Super SATA cables for better sound quality?

Reply #38
But none of this is happening, obviously, and we're on the same page about data cables having no influence to speak of on the data transmitted, so


I know...what if Mr Stewards's PC just happened to be fitted with an antenna tuned to receive the emissions from the SATA cables and feed this directly in the output of the DAC on his sound card. Far fetched I know but about as likely as an of the other excrement he was spouting.

Super SATA cables for better sound quality?

Reply #39
So I guess I am not hearing everything my audio has to offer.  I only have a 2TB Western Digital SATA 3.5" hard drive in a dock that goes to eSATA to my desktop (or DVR if I want to free up its paltry 250GB built-in hard drive).  My hard drive isn't even fully enclosed and I am using the eSATA cable that came with the cradle.  It is currently entangled with my desktop's $5 HDMI cable that runs to my Sony receiver where the audio comes out of my system and the video is passed through to my HDTV.

Damn, I guess I will just never know how my music could have been improved if I had simply upgraded to a $500 Monster HDMI cable and an equally priced eSATA cable along with a full 1" thick metal enclosure for my hard drive.  Worse yet, my desktop goes through its 802.11n internal wi-fi card.  I guess I would get the absolute clearest possible audio, when listening to online sources at least, if I were to add a $1000 Ethernet cable in there instead of useless 802.11n wi-fi.

Super SATA cables for better sound quality?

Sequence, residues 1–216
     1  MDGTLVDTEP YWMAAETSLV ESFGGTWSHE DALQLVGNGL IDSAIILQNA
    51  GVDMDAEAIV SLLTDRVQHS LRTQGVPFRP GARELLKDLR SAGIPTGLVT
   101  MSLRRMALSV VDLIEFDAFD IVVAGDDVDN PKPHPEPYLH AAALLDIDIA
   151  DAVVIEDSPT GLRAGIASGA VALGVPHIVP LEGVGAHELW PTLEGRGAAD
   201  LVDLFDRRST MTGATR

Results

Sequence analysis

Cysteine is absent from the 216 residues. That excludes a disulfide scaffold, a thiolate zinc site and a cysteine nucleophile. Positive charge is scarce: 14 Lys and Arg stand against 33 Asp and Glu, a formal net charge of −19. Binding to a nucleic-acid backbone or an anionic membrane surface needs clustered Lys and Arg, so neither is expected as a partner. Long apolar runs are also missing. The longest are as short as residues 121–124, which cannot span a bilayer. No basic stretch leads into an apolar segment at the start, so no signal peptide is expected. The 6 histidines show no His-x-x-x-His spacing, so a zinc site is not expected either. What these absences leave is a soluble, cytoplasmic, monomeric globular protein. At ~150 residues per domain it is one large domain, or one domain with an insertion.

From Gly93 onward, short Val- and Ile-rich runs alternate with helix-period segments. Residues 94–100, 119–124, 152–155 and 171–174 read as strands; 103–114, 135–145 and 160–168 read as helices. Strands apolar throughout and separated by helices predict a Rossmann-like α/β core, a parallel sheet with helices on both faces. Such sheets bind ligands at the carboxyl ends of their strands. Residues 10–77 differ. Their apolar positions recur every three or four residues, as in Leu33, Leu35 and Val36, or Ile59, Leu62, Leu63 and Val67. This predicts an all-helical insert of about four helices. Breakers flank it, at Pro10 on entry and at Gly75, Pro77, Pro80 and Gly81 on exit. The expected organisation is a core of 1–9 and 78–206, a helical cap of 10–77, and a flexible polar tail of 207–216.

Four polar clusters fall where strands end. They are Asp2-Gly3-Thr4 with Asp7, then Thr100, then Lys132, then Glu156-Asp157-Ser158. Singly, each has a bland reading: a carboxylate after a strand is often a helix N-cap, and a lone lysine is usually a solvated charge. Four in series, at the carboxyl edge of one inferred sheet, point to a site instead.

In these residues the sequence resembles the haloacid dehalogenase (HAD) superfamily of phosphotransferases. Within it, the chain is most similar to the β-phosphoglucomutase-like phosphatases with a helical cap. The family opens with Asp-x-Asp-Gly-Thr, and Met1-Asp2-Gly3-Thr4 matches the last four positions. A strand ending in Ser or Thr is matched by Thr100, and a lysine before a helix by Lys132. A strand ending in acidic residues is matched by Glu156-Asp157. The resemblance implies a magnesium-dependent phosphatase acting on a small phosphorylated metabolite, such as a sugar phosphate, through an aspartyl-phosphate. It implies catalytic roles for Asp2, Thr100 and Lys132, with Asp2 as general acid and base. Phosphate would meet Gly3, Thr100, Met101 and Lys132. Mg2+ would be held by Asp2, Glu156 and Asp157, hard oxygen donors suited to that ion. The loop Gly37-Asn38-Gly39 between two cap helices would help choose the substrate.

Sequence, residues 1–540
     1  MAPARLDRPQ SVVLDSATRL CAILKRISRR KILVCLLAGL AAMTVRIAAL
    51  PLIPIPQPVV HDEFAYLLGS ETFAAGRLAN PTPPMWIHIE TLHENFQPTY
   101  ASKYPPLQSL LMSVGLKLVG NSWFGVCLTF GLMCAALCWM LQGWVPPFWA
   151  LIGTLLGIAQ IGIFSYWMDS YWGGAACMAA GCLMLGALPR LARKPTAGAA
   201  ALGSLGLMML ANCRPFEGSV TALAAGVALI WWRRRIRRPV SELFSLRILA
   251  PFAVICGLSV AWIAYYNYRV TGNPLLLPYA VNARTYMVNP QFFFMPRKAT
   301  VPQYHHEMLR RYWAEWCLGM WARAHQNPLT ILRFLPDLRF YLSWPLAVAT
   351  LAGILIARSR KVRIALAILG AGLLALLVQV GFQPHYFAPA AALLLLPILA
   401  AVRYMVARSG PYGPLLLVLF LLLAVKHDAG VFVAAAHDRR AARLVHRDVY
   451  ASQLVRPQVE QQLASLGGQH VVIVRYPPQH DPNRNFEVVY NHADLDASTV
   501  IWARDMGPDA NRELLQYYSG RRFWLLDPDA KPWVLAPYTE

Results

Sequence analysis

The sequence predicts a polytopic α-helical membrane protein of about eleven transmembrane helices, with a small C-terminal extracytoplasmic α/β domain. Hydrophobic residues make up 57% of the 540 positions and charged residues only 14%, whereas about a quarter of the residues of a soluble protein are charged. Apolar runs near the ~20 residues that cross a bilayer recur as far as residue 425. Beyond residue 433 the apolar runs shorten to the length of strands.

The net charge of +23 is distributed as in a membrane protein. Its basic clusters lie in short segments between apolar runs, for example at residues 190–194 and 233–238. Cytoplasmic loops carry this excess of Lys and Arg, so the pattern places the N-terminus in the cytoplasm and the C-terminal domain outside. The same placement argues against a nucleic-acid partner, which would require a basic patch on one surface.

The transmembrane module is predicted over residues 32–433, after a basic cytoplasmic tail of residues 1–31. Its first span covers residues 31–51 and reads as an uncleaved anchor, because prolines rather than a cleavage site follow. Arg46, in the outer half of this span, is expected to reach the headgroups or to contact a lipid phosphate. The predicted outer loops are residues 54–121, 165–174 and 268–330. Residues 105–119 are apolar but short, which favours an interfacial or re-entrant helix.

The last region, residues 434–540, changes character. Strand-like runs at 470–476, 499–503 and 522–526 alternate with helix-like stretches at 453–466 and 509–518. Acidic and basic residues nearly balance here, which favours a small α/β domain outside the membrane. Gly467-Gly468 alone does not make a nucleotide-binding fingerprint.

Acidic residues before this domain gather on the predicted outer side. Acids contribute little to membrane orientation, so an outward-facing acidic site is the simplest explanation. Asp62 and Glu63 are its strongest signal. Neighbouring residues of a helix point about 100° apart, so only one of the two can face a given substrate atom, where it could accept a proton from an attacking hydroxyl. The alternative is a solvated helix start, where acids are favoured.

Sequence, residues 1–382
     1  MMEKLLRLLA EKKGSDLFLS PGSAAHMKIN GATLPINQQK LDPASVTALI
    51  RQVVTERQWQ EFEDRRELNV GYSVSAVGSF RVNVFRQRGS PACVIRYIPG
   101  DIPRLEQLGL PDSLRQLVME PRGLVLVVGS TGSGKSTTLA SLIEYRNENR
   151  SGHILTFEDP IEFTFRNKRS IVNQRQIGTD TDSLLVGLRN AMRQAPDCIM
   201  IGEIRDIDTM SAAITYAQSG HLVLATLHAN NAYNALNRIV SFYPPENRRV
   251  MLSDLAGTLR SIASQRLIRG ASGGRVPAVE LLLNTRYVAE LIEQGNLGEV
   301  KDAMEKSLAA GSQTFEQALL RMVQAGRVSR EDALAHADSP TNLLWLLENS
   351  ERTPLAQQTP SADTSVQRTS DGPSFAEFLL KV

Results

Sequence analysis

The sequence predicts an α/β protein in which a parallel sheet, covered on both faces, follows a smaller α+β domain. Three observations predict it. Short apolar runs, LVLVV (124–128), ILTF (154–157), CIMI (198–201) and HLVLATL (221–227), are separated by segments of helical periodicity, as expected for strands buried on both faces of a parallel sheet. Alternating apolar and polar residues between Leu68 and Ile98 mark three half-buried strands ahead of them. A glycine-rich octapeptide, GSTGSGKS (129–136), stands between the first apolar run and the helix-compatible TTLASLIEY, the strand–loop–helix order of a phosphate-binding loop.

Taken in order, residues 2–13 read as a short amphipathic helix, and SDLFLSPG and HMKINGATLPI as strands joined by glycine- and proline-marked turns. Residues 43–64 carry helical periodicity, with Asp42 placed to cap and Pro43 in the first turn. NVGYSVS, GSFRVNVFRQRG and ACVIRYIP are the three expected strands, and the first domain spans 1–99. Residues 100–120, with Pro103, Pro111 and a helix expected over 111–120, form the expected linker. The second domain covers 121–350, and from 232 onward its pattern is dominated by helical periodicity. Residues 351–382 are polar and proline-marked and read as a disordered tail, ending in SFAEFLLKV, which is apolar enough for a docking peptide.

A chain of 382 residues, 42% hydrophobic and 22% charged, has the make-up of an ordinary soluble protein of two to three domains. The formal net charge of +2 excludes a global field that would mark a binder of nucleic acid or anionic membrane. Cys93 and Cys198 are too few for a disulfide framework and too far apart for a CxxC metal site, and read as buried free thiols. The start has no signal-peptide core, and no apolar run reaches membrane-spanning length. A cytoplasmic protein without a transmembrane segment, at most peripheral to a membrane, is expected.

Reply #40
if I were to add a $1000 Ethernet cable in there instead of useless 802.11n wi-fi.


You forgot the mount made of woven unicorn hair washed in the tears of angels.

Super SATA cables for better sound quality?

Reply #41
Even if a cable were to flip a bit or two here and there, how many wrong bits would there have to be before it was audible?  Has anyone tested this?

Super SATA cables for better sound quality?

Reply #42
Even if the ECC bits do agree with the data bits erroneously, it probably won't bring your computer down, it may just cause errors.


Errors may happen at any point in any kind of datastream. It could change a pixel's RGB coordinate by 1, or it could undermine a fundamental OS component.

But none of this is happening, obviously, and we're on the same page about data cables having no influence to speak of on the data transmitted, so


it does happen to different types of data.  It's just extremely uncommon.  Also, cosmic rays hitting transistors and registers and flipping bits in your processor is not a tremendously uncommon cause of BSODs, and are difficult to fight against at the corporate level of reliability, although i guess that's a bit off topic.

Super SATA cables for better sound quality?

Reply #43
Even if a cable were to flip a bit or two here and there, how many wrong bits would there have to be before it was audible?  Has anyone tested this?

It depends on which bit gets flipped. If it happens to be the MSB of a PCM word, then just one flipped bit is VERY audible - it creates a loud "tick". If it's the LSB of a PCM word, you'd probably never notice on even the finest replay system.

Super SATA cables for better sound quality?

Reply #44
If there were so many errors that these cables corrected them you'd have replaced your cable with another already. If there were so many errors your system would either be very slow or non-functional.